Slow Burn by BosphorusRelease date: September 25, 2020
Label: Trepanation Recordings
There are a few post-metal moments that I will never forget, such as my first experiences hearing Oceanic, Panopticon or The Galilean Satellites. On a slightly different scale I will always remember discovering What The Blood Revealed. After seeing titans such as ISIS sonically laying waste to Glasgow I was ecstatic to find a local post-metal band that produced such fine music. Along with two EPs the band also left behind the 2012 Echoes and Dust album of the year, Harbour of Devils. It was disappointing at the time but fortunately the demise of that band has now produced a far more aggressive and darker beast in Bosphorus, which has penned a monstrous debut album in Slow Burn.
It is fair to say that, members aside, the only thing Bosphorus really shares with its former band is a knack of creating sublime music. The atmosphere here comes from a sludgier edge of post-metal and a cloak of danger smoulders over the recording. It is only after the slow battering annihilation of ’Silhouette’ and ‘Strain of Thought’ that a synth undercurrent becomes quite evident. It is not intrusive or overpowering and adds an extra tonality. When you revisit the first two tracks you notice it is the part of the beef that really allows the guitar to attack. Similarly, on ‘Crooked Path’ the synth provides the groove which the guitar then feeds on and adds a huge depth to the dark post-metal.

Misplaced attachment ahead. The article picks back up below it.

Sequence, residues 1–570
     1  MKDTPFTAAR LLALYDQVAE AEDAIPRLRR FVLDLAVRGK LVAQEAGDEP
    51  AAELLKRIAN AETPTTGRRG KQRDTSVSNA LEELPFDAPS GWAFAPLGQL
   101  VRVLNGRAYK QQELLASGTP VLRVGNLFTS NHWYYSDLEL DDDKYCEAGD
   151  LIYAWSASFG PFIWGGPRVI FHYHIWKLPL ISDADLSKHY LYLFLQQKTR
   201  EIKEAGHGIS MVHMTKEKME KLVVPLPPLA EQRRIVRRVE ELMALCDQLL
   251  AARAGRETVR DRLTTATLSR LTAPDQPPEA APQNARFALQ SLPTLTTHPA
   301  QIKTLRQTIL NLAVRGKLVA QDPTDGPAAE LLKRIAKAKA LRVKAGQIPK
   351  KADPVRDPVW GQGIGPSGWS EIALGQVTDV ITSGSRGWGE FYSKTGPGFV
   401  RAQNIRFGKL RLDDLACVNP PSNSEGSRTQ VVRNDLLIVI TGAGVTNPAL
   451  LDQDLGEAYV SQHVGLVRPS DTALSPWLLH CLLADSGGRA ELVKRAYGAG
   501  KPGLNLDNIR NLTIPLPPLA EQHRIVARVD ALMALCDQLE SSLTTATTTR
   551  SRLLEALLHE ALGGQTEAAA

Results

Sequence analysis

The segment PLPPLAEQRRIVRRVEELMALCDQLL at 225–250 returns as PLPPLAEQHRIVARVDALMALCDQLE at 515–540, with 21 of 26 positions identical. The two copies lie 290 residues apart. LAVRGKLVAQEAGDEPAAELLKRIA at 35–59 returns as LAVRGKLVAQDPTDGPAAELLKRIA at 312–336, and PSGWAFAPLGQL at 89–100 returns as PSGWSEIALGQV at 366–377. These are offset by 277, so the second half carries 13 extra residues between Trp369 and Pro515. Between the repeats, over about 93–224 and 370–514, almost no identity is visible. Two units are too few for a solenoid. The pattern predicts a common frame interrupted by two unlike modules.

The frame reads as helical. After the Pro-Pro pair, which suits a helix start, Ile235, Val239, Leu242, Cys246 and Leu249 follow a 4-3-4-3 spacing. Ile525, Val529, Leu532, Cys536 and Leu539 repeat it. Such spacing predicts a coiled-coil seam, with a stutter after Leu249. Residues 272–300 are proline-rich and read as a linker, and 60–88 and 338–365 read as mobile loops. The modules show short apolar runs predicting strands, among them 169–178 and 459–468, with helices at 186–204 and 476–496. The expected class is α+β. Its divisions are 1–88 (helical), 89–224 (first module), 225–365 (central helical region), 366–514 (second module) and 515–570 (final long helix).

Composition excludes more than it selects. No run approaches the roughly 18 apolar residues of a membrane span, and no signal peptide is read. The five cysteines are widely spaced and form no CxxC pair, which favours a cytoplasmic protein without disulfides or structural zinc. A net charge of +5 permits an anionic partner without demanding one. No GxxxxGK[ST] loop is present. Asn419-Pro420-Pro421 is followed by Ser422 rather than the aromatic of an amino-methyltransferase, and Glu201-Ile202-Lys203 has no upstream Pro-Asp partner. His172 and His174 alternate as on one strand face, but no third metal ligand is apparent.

The real girth of the music is still the guitar of Stuart Teager, bass of Scott Hamilton and the marvellous drumming of Michael Wiseman. The title track hits as a real stand out as Teager produces some stunning vocal work creating an atmosphere which complements the music beneath by rising to a catchy yet crushing crescendo at the midway point. ‘Weapon’ is another devastatingly good moment hitting off with a riff Earthtone9 could easily have slipped onto ArcTanGent.
The beauty of this album is the precision of its pace and execution. When the six tracks have come and gone nothing feels like it was overworked or repeated, and each track has highlights that are not present in others. It really is a wonderous achievement which sounds perfect in thanks to the work of Chris Fielding and James Plotkin who have been flawless in their recent endeavours. The other huge positive is the rise of another great UK label in Trepanation Recordings who have been sweeping up some great UK artists. I didn’t think a band from Glasgow would be able to replace What The Blood Revealed and it is absolutely fitting that some of its founding members have managed to better their previous project without covering the same ground.